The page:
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Author Topic: 2012-11-09 Linex Legal - Can you actually own the Sword of Azeroth?  (Read 1045 times)
Akka
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November 09, 2012, 06:20:58 PM
 #1

Well I found this article of Linex Legal, which seems to be a Lawyer Site of some sort. But you can't read it without registering, which in addition requires you to give and confirm them you work e-mail (what I won't do).

Could be interesting, but the only thing google reveals is:

Quote
Can you actually own the Sword of Azeroth?

One of the most prevalent virtual currencies are “Bitcoins”, a peer-to peer ... Because Bitcoin accounts are identified by a serial number, not a name, and it is ...


If someone can get behind this here is the link:

http://www.google.de/url?sa=t&rct=j&q=&esrc=s&source=newssearch&cd=1&ved=0CC4QqQIoADAA&url=http%3A%2F%2Fca.linexlegal.com%2Fcontents%2Fview%2F26152451&ei=BEedUJuxNcratAax24DAAg&usg=AFQjCNGczdQfQk7btjad96JipnDpXiiF6A&sig2=XVW7kGgPQTxwytFxx0p1uA&cad=rja

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Spekulatius
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November 09, 2012, 09:06:22 PM
 #2

Found a link to the article:

http://nopaste.me/paste/1757566770509d5e2ccfa83

Quote
A subset of the virtual goods category is virtual currency, which is regarded as a substitute or competitor for ordinary currency.  One of the most prevalent virtual currencies are “Bitcoins”, a peer-to peer decentralized digital currency.   For more info on Bitcoins, see mashable’s handy summary here.

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Bitcoins (and other virtual currencies) raise further legal issues. Because Bitcoin accounts are identified by a serial number, not a name, and it is therefore hard to determine the identity of the account holder, Bitcoins can be easily transferred without a trail.  This could make them attractive to those who may be involved in funding illegal activity, money laundering or Ponzi schemes (a claim the US Security Exchange Commission started investigating in September in respect of one particular trader).   Because Bitcoins are a digital-only currency questions of online fraud, theft and misuse, in the absence of regulation, are of central importance.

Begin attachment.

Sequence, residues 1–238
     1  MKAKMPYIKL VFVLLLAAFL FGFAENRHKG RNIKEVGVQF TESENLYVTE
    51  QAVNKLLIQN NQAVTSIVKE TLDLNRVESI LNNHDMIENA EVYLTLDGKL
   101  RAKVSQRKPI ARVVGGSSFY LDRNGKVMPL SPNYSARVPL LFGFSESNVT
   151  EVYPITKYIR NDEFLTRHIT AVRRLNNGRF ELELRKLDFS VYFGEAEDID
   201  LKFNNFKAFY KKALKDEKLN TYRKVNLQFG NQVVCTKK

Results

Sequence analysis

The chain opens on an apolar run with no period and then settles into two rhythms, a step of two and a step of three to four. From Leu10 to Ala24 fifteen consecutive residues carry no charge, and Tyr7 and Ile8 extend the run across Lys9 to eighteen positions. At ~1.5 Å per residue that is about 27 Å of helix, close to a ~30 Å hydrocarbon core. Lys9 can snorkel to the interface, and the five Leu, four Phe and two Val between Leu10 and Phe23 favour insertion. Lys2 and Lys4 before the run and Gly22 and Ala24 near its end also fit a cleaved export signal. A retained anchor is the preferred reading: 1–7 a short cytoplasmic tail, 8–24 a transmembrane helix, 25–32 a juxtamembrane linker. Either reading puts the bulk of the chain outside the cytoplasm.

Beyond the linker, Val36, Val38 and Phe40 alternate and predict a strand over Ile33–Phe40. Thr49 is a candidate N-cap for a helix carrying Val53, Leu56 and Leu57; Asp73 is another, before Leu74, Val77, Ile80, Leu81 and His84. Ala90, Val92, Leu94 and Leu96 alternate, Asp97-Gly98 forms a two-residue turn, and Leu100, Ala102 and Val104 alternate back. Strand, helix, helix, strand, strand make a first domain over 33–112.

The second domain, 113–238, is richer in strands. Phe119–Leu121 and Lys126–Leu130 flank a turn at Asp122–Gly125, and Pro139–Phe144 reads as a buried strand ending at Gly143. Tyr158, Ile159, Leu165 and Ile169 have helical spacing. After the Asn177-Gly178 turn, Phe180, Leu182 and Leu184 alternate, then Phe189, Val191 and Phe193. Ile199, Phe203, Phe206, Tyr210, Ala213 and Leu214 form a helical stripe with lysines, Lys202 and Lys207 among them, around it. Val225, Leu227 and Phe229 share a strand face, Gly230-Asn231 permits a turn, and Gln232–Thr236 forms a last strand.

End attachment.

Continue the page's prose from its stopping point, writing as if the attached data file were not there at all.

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USA: Several proceedings have been filed against Linden Labs, the developers of the virtual world Second Life, on the basis that Linden have represented that the virtual real estate and goods they have offered for sale are property (See Bragg v Linden Labs [Wikipedia], which settled, and the ongoing class action Evans, Spencer, Spencer, Carter and Ors v Linden Labs and Rosedale [plaintiffs’ website]). [...]

The main focus of the article highlights the emergence and possible legislative steps towards trading and possessing virtual goods, like funny WOW hats, virtual real estate (did you know that someone paid 635k USD(!) for some virtual real estate in the MMO Eutropia Universe:

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In fact, in the massively multiplayer online (MMO) game Eutropia Universe, virtual real estate (a virtual resort called Club Neverdie) has been sold for real-world value of US$635,000, a feat which has put it in the Guinness World Record Book. (The previous record was for the sale of a space station in the same game, for over US$300,000).   The net circulation of Bitcoins is estimated at over US$100 million.) 
and virtual currencies, like SLL and BTC.

Its neutral in tone towards bitcoin but raises the (legitimate) questions of misuse for illegal activities and legal status if subject of a legal trail.
Akka
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November 09, 2012, 09:10:24 PM
 #3

Thank you.

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kjlimo
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November 10, 2012, 01:31:39 AM
 #4

I think the user agreement prevent anyone from owning the digital items.

CampBX for buying BTCs, Coinbase for selling BTCs or Vircurex for trading alternate cryptocurrencies like DOGEs

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Spekulatius
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November 10, 2012, 03:58:04 PM
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I think the user agreement prevent anyone from owning the digital items.

Yes probably, thats what it says in most EULAs (End User License Agreements). But its not legally binding unless there are laws to back them up or penalties the user agrees to in case of violation of those agreements. Example:

I sell my farmed WOW gold on ebay for USD. Unless the EULA states that I have to pay 1000 USD to blizzard for violating their EULA and unless there are federal/state laws that prohibit selling WOW on a secondary market, all blizzard can legally do is blacklist my account and deny its service with me. Thats at least what it would be like in Germany, if Im not mistaken.

Im no lawyer, so pls dont take that as legal advise, do your own due diligence!
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